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This article was published on April 5, 2021


How to split your working hours in Google Calendar

Get the most out of your workday

How to split your working hours in Google Calendar
Justin Pot
Story by

Justin Pot

Staff writer, Zapier

Justin Pot is a staff writer at Zapier who previously wrote for How-to Geek, Digital Trends, and TNW. He loves technology, people, and natur Justin Pot is a staff writer at Zapier who previously wrote for How-to Geek, Digital Trends, and TNW. He loves technology, people, and nature, not necessarily in that order. You can follow Justin: @jhpot. You don't have to. But you can.

Welcome to TNW Basics, a collection of tips, guides, and advice on how to easily get the most out of your gadgets, apps, and other stuff.

The workday evolved in 2020, and tools are adapting to accommodate that. Google announced a few subtle tweaks to Google Calendar. The main one: you can segment your workday into multiple chunks.

The Working Hours feature in Google Calendar, with each day M-F split between 6-10am and 1-5pm

The working hours feature lets you indicate which hours are part of your workday, which is important when someone else is trying to schedule a meeting with you. For example: my manager, Deb at Zapier, works 8:30 a.m. to 5 p.m. Eastern. Here’s how it looks when I try to schedule an appointment with her.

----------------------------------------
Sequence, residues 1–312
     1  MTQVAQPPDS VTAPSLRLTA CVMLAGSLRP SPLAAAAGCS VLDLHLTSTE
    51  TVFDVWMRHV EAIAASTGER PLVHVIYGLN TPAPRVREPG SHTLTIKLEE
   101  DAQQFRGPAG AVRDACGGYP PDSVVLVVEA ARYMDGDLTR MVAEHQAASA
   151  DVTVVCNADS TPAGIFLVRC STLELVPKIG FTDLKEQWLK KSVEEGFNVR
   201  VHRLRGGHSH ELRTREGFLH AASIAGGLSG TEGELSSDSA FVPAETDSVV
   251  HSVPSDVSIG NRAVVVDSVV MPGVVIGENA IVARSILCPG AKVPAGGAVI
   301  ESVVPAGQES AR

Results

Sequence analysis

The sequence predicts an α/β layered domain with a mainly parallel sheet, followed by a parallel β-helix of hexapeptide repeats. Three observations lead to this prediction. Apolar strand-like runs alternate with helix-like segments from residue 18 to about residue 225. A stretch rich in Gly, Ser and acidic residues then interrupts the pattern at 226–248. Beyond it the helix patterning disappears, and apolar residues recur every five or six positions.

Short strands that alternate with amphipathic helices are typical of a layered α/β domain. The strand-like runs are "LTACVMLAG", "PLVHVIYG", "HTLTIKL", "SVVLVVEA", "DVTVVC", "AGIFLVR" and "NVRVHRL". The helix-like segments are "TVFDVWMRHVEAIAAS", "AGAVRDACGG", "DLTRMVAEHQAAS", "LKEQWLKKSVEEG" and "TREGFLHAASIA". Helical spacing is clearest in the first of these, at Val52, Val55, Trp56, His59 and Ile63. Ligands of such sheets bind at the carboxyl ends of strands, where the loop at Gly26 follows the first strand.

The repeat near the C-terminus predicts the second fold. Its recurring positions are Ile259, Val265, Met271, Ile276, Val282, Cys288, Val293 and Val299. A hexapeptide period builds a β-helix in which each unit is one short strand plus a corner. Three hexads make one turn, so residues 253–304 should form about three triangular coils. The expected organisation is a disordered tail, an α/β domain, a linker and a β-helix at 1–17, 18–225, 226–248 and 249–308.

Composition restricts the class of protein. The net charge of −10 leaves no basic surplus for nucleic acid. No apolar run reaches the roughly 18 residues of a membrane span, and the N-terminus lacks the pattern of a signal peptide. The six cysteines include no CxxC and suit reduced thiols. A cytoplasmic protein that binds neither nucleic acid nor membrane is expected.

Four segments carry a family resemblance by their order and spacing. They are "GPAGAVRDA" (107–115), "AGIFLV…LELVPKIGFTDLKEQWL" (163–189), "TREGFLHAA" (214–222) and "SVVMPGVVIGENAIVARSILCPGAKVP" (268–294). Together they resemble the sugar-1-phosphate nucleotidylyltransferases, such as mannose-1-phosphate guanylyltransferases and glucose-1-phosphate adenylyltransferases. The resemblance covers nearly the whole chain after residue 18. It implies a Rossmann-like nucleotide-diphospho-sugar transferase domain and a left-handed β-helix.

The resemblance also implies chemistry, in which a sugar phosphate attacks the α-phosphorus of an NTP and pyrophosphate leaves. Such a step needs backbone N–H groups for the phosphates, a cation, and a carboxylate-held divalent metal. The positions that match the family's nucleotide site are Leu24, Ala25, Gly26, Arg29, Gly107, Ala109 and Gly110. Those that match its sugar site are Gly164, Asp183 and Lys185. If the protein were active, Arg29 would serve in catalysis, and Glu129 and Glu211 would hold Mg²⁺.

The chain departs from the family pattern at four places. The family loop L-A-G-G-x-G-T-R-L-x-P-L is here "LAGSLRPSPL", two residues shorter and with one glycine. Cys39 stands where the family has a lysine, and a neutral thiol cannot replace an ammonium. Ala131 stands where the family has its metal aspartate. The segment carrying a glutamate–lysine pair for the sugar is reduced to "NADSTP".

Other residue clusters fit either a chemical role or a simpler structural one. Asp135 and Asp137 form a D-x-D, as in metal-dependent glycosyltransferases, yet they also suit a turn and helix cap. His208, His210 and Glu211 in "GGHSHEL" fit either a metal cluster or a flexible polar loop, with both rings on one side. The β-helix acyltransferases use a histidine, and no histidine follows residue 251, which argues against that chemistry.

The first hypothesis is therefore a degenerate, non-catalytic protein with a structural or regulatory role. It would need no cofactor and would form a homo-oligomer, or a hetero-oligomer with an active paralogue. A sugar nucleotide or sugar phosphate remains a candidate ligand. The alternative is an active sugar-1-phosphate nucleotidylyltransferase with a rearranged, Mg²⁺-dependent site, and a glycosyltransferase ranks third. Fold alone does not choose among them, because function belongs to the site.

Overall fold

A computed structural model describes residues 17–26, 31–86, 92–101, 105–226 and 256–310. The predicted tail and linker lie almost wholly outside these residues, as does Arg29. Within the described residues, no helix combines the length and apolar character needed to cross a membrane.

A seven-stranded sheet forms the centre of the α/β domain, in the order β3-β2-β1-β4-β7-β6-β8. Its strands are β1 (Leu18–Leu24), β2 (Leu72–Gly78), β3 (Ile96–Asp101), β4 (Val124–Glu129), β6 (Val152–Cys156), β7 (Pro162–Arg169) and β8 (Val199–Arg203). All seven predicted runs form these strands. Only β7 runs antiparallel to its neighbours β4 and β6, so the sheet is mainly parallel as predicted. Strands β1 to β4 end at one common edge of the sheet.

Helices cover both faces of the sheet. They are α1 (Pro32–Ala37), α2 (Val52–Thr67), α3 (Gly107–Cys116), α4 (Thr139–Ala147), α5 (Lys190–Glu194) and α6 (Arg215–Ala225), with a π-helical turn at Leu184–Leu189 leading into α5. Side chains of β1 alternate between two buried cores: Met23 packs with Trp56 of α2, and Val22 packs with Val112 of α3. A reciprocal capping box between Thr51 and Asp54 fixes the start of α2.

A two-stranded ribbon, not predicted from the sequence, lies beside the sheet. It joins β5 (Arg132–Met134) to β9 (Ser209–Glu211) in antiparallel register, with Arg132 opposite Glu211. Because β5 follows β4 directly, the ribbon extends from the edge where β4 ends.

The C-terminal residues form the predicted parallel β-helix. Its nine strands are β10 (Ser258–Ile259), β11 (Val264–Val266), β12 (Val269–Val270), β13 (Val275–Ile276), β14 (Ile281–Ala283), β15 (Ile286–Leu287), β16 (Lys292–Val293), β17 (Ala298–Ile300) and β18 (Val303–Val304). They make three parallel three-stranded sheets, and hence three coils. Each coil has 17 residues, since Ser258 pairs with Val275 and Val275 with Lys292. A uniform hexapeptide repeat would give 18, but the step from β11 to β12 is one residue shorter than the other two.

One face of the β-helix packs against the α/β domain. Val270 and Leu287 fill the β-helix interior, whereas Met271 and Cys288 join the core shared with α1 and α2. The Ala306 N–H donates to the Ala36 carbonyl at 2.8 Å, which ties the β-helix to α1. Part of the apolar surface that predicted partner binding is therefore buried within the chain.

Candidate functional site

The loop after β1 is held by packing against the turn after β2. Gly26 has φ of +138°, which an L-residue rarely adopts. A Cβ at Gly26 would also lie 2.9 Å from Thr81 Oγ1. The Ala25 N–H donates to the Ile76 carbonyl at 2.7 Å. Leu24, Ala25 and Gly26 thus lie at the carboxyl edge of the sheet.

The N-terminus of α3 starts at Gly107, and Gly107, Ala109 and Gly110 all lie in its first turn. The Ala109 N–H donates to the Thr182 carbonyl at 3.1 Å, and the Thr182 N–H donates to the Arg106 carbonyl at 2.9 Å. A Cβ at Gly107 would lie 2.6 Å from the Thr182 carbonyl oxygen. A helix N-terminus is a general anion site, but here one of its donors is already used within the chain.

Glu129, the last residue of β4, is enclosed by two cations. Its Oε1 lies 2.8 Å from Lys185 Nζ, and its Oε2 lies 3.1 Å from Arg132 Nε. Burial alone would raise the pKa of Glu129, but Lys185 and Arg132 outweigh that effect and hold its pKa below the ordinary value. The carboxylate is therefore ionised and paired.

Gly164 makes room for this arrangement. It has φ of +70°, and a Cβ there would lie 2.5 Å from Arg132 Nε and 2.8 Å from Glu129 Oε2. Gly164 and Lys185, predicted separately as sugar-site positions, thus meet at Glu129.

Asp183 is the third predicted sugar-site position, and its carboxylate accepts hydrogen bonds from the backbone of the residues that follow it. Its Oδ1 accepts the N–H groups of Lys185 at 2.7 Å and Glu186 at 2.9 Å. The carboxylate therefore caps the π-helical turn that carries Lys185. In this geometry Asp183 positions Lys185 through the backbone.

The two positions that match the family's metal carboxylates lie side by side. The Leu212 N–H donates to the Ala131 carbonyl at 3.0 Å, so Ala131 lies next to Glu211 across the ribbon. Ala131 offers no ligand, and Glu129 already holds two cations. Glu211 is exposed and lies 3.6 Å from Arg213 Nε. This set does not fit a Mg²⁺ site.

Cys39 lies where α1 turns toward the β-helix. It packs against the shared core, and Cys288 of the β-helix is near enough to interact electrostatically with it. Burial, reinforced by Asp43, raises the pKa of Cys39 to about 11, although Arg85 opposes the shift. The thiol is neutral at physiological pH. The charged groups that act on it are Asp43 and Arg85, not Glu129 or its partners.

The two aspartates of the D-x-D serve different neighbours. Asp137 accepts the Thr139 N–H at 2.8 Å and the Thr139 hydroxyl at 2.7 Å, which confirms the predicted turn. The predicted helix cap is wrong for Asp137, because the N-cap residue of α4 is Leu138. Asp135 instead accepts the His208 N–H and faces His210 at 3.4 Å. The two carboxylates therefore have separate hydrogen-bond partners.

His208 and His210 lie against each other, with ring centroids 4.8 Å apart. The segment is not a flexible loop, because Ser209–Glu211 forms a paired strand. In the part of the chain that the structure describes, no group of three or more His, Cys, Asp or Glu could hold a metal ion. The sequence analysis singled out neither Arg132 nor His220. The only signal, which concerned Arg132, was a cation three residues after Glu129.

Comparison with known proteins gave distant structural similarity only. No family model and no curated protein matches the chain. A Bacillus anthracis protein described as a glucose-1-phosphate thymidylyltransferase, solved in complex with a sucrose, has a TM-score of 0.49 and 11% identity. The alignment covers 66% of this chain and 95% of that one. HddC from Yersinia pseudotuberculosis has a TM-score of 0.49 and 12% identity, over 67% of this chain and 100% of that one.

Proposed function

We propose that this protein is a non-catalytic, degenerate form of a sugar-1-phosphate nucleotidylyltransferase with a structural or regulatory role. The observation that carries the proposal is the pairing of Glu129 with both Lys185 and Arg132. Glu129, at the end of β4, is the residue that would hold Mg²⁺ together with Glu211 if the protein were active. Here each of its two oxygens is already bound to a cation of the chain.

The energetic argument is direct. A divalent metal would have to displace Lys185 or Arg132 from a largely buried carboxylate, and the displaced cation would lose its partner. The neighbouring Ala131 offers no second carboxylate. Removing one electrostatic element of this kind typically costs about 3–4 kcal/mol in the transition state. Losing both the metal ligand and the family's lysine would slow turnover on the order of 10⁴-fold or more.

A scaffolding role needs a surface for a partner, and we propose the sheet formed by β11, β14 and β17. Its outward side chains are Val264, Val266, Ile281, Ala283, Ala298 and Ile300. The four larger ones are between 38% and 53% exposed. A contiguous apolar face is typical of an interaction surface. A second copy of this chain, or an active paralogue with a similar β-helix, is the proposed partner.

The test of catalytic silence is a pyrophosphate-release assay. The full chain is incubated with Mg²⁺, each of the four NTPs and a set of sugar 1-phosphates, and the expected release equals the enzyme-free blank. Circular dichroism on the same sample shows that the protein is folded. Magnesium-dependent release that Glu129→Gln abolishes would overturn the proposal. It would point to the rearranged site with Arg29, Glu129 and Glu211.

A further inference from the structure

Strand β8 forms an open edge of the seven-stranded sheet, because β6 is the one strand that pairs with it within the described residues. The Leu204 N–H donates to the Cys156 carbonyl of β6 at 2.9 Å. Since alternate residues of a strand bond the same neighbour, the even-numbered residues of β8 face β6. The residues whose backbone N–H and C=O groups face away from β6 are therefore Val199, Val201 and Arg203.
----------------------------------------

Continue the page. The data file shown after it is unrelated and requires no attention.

Deb's working hours are white and the rest of the calendar is gray

Until this change, it was only possible to set up a single block of time, as shown above. Now you can add multiple segments.

In the first screenshot in this article, you can see I segmented my time into two blocks: 6 a.m. to 10 a.m. followed by 1 p.m. to 5 p.m. Here’s how it looks for Deb when she tries to schedule an appointment with me.

Google Calendar with a gray background during Justin's non-working hours

As you can see, the middle of the day is now grayed out. It’s subtle, but Google makes it more specific I’m not working if Deb tries to book my time.

When trying to schedule an appointment, a purple "Outside working hours" label appears

This is important on remote teams because unusual schedules are part of what makes remote work great. Some people on my team, for example, work an early morning shift and a late afternoon shift so they can spend the middle of the day doing distance learning with their kids. Others work a nontraditional schedule because it helps them focus.

Google’s change means people who work a few shifts every day will be able to show this in their calendar.

There’s another, related change: you can now set up recurring out-of-office appointments. Google Calendar’s out-of-office feature lets you block off a chunk of time that you’ll be away from work, then automatically declines all current and future appointments during that time. The recurring out-of-office feature means you could, for example, set the fourth Friday of every month as a day you won’t be working.

Again, it’s a small change, but one that reflects how remote work is changing the way we all work. 9-to-5, five days a week is a relic of the past—the tools we use are increasingly reflecting that.

Zapier has been an entirely remote team for a decade, so these are issues we’ve thought about a lot. Check out our ultimate guide to remote work for more.

This article by Justin Pot was originally published on the Zapier blog and is republished here with permission. You can read the original article here.

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